I felt a sudden need to visit all of the Cossio/Peñuelas-related restaurants to discover whether Peñuelas’ actual presence was demanded or whether his influence was enough, whether he was the Snook Whisperer or merely the Johnny Appleseed of Snook — and also whether the restaurants, whose shrimp-intensive menus are nearly interchangeable, can be thought of as more or less a chain. There are worse ways to spend a week.

The restaurants, all four of them, had splendid aguachile, big, head-on shrimp arranged like an Esther Williams troupe inside a ring of sliced cucumbers and onions, sharp and tangy and very hot. Were the shrimp at Inglewood’s Mariscos Chente perhaps both firmer and creamier, and the ones at Coni’Seafood more elegantly presented? Perhaps. I liked the creamy chile-cheese sauce on the camarones a la Culichi at Cheko better than I did the slightly grainier versions at the other restaurants, although the shrimp at Coni’Seafood and the Inglewood Chente were slightly more plump and crisp. Chicharron de pescado, fried chunks of marinated fish, were irresistibly crisp-edged at the Centinela Chente and pleasingly chewy and oversalted at the Inglewood Chente. The composed ceviches of clams, abalone and crab at Coni’Seafood were delicious and elegant, as were the crunchy, terrific tacos stuffed with smoked marlin and cheese. (The marlin was a bit mealier at the Centinela Chente.) I liked them all.


But we are here for the snook, brought up from Mexico’s Pacific coast.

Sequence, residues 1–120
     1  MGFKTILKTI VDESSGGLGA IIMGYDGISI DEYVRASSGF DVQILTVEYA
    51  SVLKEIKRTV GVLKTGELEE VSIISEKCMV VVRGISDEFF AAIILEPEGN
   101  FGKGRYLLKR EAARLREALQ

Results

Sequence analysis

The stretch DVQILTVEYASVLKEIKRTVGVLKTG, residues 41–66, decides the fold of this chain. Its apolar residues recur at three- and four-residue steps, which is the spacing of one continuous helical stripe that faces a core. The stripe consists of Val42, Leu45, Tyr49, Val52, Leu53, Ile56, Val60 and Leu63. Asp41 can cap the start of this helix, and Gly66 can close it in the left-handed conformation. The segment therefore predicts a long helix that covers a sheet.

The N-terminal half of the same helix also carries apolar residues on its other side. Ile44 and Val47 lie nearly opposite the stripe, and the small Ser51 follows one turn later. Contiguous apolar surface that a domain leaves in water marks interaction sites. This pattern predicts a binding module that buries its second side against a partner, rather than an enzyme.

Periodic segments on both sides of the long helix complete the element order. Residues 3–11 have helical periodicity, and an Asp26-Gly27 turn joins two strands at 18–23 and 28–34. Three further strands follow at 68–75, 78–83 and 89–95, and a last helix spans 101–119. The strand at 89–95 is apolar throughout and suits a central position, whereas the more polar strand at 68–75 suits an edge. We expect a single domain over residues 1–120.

You will dig around the frame for bits of sweet flesh, prying hidden slivers from beneath membranes, working a spoon into the head for the cheeks and scraping along the spine. You will probably try a bite of the blackened skin and discover that it is not quite as edible as you would prefer. You will develop a preference for onions dosed with more or less Maggi seasoning — it can be overpowering — and wish that the tortillas were perhaps more plentiful. You may develop a liking for Modelo Especial, a beer that tastes best very, very cold.

I am prepared to tell you that the snook at Cheko was excellent, crisp-edged and full-flavored if a little dry, the one at the Centinela Chente restaurant was perhaps better but a bit chewy, and that the juicy snook at Coni’Seafood is best of all.

The Inglewood Chente no longer sells snook. You will have to console yourself with extra shrimp.

It may be worth mentioning here that while the snook that thrives among the Florida mangroves is a protected species, the almost identical snook found along the Pacific coast from Mexico to Peru is listed by the International Union for Conservation of Nature as a species of “least concern.” So eat away.


Cheko El Rey del Sarandeado, 343 E. Market St., Long Beach, (562) 422-4888. Open 11 a.m. to 8 p.m. Wed.-Mon. Credit cards accepted. Beer and wine. Street parking

Mariscos Chente, 10020 S. Inglewood Ave., Inglewood, (310) 672-0226. Open 10 a.m. to 7 p.m. Wed.-Sun. Credit cards accepted. No alcohol. Lot parking.

Mariscos Chente, 4532 S. Centinela Ave., Los Angeles, (310) 390-9241. Open 10 a.m. to 9 p.m. Mon., Wed. and Thurs.; 10 a.m. to 11 p.m. Fri.-Sun. Cash only. Beer and wine. Street parking.

Coni’Seafood, 3544 W. Imperial Highway, Inglewood, (310) 672-2339. Open 10 a.m. to 8 p.m. Sun.-Thurs.; 10 a.m. to 9 p.m. Fri.-Sat. Credit cards accepted. Beer and wine. Limited lot parking.